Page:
A goal is specific if it is explicit rather than vague. In May 1961, President John F. Kennedy proposed a specific goal in a speech to the US Congress: “I believe that this nation should commit itself to achieving the goal, before this decade is out, of landing a man on the moon and returning him safely to the earth.”Key documents in the history of space policy: 1960s. National Aeronautics and Space Administration. Retrieved from http://history.nasa.gov/spdocs.html#1960s Explicitness such as was offered in this goal is helpful because it targets people’s energy. A few moments later, Kennedy made it clear that such targeting would be needed if this goal was to be reached. Going to the moon, he noted, would require “a major national commitment of scientific and technical manpower, materiel and facilities, and the possibility of their diversion from other important activities where they are already thinly spread.” While specific goals make it clear how efforts should be directed, vague goals such as “do your best” leave individuals unsure of how to proceed.
A goal is measurable to the extent that whether the goal is achieved can be quantified. President Kennedy’s goal of reaching the moon by the end of the 1960s offered very simple and clear measurability: Either Americans would step on the moon by the end of 1969 or they would not. One of Coca-Cola’s current goals is a 20 percent improvement to its water efficiency by 2012 relative to 2004 water usage. Because water efficiency is easily calculated, the company can chart its progress relative to the 20 percent target and devote more resources to reaching the goal if progress is slower than planned.
A goal is aggressive if achieving it presents a significant challenge to the organization. A series of research studies have demonstrated that performance is strongest when goals are challenging but attainable. Such goals force people to test and extend the limits of their abilities. This can result in reaching surprising heights. President Kennedy captured this theme in a speech in September 1962: “We choose to go to the moon. We choose to go to the moon in this decade…not because [it is] easy, but because [it is] hard, because that goal will serve to organize and measure the best of our energies and skills.”
In the case of Coca-Cola, reaching a 20 percent improvement will require a concerted effort, but the goal can be achieved. Meanwhile, easily achievable goals tend to undermine motivation and effort. Consider a situation in which you have done so well in a course that you only need a score of 60 percent on the final exam to earn an A for the course. Understandably, few students would study hard enough to score 90 percent or 100 percent on the final exam under these circumstances. Similarly, setting organizational goals that are easy to reach encourages employees to work just hard enough to reach the goals.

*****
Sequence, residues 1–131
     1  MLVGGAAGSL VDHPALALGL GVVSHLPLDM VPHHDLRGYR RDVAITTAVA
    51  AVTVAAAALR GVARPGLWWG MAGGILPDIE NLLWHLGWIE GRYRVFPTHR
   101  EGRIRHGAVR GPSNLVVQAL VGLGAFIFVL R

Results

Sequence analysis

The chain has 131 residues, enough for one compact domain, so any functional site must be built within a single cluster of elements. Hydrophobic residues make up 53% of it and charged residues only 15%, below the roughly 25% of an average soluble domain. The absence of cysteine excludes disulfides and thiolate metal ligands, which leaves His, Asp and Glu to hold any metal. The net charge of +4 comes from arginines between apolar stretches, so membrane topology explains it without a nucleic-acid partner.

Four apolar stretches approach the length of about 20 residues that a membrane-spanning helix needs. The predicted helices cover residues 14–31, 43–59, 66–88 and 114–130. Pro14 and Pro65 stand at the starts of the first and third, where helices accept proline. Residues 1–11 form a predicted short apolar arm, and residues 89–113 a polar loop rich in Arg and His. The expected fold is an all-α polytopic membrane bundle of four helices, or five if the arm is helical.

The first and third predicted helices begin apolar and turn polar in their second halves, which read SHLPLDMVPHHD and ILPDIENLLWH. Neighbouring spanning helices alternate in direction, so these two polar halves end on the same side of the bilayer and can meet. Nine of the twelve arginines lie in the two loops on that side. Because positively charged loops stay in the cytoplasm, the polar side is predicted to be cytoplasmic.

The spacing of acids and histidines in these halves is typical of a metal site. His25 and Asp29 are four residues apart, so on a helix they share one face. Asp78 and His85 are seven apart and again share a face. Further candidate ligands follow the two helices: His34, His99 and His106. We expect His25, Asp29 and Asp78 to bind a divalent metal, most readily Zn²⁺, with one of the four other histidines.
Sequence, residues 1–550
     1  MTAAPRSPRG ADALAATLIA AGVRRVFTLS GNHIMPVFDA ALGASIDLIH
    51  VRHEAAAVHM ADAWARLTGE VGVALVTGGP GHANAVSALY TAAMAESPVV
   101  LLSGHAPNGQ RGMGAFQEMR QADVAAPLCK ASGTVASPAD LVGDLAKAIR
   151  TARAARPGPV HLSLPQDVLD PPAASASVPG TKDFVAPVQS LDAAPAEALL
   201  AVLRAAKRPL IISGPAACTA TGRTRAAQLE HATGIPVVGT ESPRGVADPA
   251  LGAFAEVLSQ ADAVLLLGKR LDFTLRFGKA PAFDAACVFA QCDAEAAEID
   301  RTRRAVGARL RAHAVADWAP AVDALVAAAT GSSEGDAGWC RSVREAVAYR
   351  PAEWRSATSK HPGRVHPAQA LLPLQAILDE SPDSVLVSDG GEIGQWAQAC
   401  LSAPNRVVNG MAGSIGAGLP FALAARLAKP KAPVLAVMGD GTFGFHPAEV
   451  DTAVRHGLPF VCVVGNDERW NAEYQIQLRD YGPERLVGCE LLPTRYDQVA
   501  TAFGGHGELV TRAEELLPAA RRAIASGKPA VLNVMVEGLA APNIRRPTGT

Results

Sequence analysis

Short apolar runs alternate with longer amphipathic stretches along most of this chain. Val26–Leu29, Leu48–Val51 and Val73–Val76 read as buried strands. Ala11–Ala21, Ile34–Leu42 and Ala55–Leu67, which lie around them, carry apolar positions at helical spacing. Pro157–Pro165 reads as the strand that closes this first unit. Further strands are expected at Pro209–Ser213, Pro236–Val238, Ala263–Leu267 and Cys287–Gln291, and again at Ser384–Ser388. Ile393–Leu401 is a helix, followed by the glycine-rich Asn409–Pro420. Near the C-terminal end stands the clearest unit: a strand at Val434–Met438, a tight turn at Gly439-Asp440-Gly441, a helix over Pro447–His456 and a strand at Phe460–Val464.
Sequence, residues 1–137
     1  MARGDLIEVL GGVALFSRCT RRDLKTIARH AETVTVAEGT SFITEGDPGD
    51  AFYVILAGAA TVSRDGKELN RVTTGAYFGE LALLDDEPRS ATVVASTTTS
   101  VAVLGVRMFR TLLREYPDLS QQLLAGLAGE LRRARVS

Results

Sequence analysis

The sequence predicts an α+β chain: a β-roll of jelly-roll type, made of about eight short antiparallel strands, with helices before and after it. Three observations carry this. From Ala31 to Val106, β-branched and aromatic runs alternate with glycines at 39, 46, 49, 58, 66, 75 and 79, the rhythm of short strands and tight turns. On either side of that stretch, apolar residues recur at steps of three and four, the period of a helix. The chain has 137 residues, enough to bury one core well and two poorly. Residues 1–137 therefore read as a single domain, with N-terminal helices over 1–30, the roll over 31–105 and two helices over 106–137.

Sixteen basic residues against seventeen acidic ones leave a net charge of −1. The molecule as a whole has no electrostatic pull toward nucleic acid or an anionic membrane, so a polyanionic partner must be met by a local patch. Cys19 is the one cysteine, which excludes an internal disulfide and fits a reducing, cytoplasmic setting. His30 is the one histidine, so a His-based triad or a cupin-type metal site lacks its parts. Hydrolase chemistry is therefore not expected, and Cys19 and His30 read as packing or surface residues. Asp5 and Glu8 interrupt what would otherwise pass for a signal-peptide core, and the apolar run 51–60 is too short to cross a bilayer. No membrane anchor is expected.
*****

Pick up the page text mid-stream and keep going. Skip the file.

It is tempting to extend this thinking to conclude that setting nearly impossible goals would encourage even stronger effort and performance than does setting aggressive goals. People tend to get discouraged and give up, however, when faced with goals that have little chance of being reached. If, for example, President Kennedy had set a time frame of one year to reach the moon, his goal would have attracted scorn. The country simply did not have the technology in place to reach such a goal. Indeed, Americans did not even orbit the moon until seven years after Kennedy’s 1961 speech. Similarly, if Coca-Cola’s water efficiency goal was 95 percent improvement, Coca-Cola’s employees would probably not embrace it. Thus goals must also be realistic, meaning that their achievement is feasible.
You have probably found that deadlines are motivating and that they help you structure your work time. The same is true for organizations, leading to the conclusion that goals should be time-bound through the creation of deadlines. Coca-Cola has set a deadline of 2012 for its water efficiency goal, for example. The deadline for President Kennedy’s goal was the end of 1969. The goal was actually reached a few months early. On July 20, 1969, Neil Armstrong became the first human to step foot on the moon. Incredibly, the pursuit of a well-constructed goal had helped people reach the moon in just eight years.
Americans landed on the moon eight years after President Kennedy set a moon landing as a key goal for the United States.
Image courtesy of NASA Apollo Archive, http://upload.wikimedia.org/wikipedia/commons/8/8b/5927_NASA.jpg.
The period after an important goal is reached is often overlooked but is critical. Will an organization rest on its laurels or will it take on new challenges? The US space program again provides an illustrative example. At the time of the first moon landing, Time magazine asked the leader of the team that built the moon rockets about the future of space exploration. “Given the same energy and dedication that took them to the moon,” said Wernher von Braun, “Americans could land on Mars as early as 1982.”The Moon: Next, Mars and beyond. 1969, July 15. Time. Retrieved from http://www.time.com/time/magazine/article/0,9171,901107,00.html No new goal involving human visits to Mars was embraced, however, and human exploration of space was de-emphasized in favor of robotic adventurers. Nearly three decades after von Braun’s proposed timeline for reaching Mars expired, President Barack Obama set in 2010 a goal of creating by 2025 a new space vehicle capable of taking humans beyond the moon and into deep space. This would be followed in the mid-2030s by a flight to orbit Mars as a prelude to landing on Mars.Amos, J. 2010, April 15. Obama sets Mars goal for America. BBC News. Retrieved from http://news.bbc.co.uk/2/hi/8623691.stm Time will tell whether these goals inspire the scientific community and the country in general (Figure 2.4 "Be SMART: Vision, Mission, Goals, and You").